Halachic Controversy

Although not performing melachah on Shabbos is one of the most important mitzvos for a Jew, the Talmud tells us that a gentile is actually forbidden from resting on the Shabbos and must perform one of the melachos or be liable for a serious prohibition. There is a dispute among the poskim whether this applies to a non-Jew who has undergone bris milah and is awaiting immersion in a mikvah to complete his conversion.

In 1848, this question was presented to several leading European Rabbanim, including Harav Yaakov Ettlinger (1798-1871), the greatest Gadol in Germany at the time and author of numerous halachic works including Aruch Laner and Binyan Tzion. Harav Ettlinger discusses this in Teshuvos Binyan Tzion, Teshuvah 91:

“Here in Jerusalem, on Tuesday, the twenty-third day of the month of Adar Sheini of the year (5)608, a non-Jew came from Morocco and was circumcised for the sake of geirus, and accepted all the mitzvoth. On the following Shabbos, he had not fully recovered from the circumcision and thus had not entered the Mikvah (ritual bath to finalize the conversion). A Rabbi was informed that the convert is very careful in his observance of the Shabbos. However, another Rabbi claimed that due to the fact that he did not yet enter the Mikvah he must not observe the Shabbos and must perform one of the prohibited acts. It was late in the day and the convert was told what he must do. Consequently, he violated the Shabbos by writing a few letters. After the Shabbos, when the Rabbis in town heard of the ruling, they disagreed claiming that after circumcision he is considered a Jew and must not violate the Shabbos.”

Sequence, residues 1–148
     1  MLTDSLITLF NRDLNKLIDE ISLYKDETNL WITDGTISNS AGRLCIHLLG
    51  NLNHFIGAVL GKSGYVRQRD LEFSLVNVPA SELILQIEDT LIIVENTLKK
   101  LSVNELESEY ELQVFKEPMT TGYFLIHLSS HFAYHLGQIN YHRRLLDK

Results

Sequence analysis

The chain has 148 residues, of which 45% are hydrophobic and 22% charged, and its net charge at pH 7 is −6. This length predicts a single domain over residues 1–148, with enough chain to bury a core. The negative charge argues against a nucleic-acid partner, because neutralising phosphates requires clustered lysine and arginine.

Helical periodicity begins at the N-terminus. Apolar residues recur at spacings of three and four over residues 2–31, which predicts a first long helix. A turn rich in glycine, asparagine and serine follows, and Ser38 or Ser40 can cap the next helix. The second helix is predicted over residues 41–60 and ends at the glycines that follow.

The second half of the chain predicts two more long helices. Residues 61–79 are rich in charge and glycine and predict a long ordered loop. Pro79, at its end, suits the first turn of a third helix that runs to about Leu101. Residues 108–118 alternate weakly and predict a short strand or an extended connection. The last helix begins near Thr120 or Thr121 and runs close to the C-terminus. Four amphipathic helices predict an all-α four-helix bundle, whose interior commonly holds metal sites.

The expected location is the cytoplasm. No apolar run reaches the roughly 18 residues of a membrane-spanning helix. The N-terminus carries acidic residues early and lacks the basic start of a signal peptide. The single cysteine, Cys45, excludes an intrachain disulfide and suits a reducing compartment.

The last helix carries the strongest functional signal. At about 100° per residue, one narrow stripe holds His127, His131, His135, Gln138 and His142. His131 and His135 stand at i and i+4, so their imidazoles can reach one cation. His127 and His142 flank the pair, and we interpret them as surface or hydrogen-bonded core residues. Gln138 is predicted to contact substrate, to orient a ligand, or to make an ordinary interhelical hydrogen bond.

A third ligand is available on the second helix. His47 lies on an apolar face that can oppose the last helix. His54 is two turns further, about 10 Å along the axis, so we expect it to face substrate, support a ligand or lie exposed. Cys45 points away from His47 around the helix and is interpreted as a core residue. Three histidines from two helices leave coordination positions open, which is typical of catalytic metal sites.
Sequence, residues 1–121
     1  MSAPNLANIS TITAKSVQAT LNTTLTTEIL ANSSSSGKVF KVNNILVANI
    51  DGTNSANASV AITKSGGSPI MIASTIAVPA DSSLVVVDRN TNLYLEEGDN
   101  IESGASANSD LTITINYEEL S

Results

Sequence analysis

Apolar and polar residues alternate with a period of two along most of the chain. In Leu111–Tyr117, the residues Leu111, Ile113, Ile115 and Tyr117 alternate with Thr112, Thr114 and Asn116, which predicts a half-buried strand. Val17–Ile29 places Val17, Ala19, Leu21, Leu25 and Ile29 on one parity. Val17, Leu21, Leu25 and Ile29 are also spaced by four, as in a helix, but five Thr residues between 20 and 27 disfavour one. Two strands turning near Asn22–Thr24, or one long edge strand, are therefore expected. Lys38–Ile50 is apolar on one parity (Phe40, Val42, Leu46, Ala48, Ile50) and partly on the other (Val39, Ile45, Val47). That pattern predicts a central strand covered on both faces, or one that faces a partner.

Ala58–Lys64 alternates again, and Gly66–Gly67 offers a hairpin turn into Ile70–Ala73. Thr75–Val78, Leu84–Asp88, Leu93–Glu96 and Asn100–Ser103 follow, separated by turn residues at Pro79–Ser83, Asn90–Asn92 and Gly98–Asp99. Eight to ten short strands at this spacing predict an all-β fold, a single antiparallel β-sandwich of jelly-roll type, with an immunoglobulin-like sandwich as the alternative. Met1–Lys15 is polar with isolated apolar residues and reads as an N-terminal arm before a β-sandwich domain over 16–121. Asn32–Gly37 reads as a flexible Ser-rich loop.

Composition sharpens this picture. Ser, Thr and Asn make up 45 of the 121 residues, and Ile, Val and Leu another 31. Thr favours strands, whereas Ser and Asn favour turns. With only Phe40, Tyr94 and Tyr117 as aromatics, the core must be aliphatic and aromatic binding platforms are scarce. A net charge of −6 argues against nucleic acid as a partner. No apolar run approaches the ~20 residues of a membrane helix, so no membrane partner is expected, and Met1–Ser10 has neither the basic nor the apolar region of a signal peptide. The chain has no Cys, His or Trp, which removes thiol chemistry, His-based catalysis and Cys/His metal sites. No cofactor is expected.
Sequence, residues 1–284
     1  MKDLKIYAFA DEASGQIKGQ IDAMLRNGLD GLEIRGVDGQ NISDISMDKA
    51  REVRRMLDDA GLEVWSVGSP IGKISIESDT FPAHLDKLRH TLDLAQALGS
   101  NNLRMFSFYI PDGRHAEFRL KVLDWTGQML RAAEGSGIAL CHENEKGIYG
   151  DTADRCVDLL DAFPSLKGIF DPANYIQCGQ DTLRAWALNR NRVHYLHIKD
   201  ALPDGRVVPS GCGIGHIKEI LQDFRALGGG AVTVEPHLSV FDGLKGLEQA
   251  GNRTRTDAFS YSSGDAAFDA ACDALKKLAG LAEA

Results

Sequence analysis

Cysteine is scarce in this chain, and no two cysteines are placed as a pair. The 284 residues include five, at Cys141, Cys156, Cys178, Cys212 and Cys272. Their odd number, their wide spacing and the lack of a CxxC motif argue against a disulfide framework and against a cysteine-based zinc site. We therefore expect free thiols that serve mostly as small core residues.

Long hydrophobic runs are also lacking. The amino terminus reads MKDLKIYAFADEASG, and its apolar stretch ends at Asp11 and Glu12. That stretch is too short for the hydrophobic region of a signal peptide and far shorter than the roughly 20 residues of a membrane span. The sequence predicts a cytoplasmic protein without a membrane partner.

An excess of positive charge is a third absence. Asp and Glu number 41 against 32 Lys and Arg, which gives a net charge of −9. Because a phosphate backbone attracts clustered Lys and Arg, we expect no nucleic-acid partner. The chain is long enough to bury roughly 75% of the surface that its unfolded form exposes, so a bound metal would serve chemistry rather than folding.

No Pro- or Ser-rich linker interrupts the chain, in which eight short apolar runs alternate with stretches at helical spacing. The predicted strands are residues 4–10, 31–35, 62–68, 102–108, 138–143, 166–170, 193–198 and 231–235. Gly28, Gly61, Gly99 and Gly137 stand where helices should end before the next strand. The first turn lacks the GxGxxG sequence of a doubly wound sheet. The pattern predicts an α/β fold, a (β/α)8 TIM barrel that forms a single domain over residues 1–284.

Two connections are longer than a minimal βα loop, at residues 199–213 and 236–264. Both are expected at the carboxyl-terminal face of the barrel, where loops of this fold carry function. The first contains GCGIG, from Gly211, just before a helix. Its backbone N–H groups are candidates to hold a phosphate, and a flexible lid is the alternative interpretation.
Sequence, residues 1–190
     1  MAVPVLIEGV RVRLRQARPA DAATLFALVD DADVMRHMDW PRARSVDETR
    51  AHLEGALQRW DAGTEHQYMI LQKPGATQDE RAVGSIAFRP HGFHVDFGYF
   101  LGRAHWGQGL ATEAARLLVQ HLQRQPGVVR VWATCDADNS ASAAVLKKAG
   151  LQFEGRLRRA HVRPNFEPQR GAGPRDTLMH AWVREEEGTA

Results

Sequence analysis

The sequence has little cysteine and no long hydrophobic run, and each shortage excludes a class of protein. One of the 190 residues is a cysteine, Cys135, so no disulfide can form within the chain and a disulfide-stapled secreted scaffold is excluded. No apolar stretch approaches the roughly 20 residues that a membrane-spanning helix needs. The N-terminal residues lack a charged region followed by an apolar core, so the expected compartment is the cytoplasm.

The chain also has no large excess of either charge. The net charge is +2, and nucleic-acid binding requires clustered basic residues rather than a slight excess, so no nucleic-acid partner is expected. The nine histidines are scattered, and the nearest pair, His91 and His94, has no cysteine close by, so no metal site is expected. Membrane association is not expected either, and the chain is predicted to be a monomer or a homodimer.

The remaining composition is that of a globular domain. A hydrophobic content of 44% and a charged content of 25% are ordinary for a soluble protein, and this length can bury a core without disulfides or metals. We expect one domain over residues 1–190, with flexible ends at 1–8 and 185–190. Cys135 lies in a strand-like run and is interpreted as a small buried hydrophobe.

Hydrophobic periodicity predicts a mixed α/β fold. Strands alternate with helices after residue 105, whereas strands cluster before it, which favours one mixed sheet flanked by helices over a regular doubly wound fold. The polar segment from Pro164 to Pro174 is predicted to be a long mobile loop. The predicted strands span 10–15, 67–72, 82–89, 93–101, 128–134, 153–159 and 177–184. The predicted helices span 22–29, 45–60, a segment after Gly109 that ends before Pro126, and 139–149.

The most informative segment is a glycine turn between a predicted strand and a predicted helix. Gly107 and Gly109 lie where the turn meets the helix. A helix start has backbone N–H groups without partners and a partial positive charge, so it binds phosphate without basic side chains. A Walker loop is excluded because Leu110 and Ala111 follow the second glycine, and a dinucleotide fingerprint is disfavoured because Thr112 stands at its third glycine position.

There are some who posit that the non-Jew who converted referred to is Warder Cresson based on the date of the conversion (23 Adar II corresponds to the secular date of March 28, 1848) and other factors.

Trial for Insanity

Throughout this transition, Cresson had been writing to his wife and children to keep them informed of his spiritual progress — and of his new name, Michoel Boaz Yisrael ben Avraham. He had no desire to abandon the family that he “loved most dearly above anything else on earth” and felt certain that he could persuade them to share the satisfaction of his new faith and return with him to his mission in Zion.

Sailing back to Philadelphia in September 1848, Cresson received a devastating reception. He was informed that his wife, Elizabeth, had taken sole possession of their property and sold off the family farm as well as Warder’s personal effects. She ignored his appeals for a settlement and joined other family members in lodging a formal charge of “lunacy” against him for his conversion.

Incredibly, Cresson’s conversion to Orthodox Judaism was considered so eccentric and bizarre that his non-Jewish family had him brought up on charges of insanity. A “sheriff’s jury” of six men quickly agreed with their arguments and issued a verdict of insanity, but Cresson, who had never spent a day in an insane asylum, challenged their decision in court.

The resulting trial lasted for almost three years, included more than one hundred witnesses, and became a national sensation. Aside from the obvious attempt by a frustrated and embittered wife to seize what remained of her wandering husband’s wealth, the dispute involved the government’s power to stigmatize and punish a citizen’s midlife decision to embrace an ancient faith. Cresson fiercely defended his right to select his own religious path.

Esteemed physicians, theologians, and legal scholars gave testimony on both sides. While no one denied Cresson’s reputation as “a strange bird” (in the words of one correspondent), the leaders of the nation’s small Jewish community testified on his behalf, resisting the notion that conversion to Judaism in any way constituted natural proof of insanity. Cresson’s lawyer, the distinguished Horatio Hubbell Jr., characterized the case as a critical test of the religious liberty guaranteed by the First Amendment. His closing statement ended with a dramatic denunciation of the attempt to discredit an unconventional thinker based on his religious ideas alone. “The only charge left with which to accuse my client,” he thundered, “is that he became a Jew!”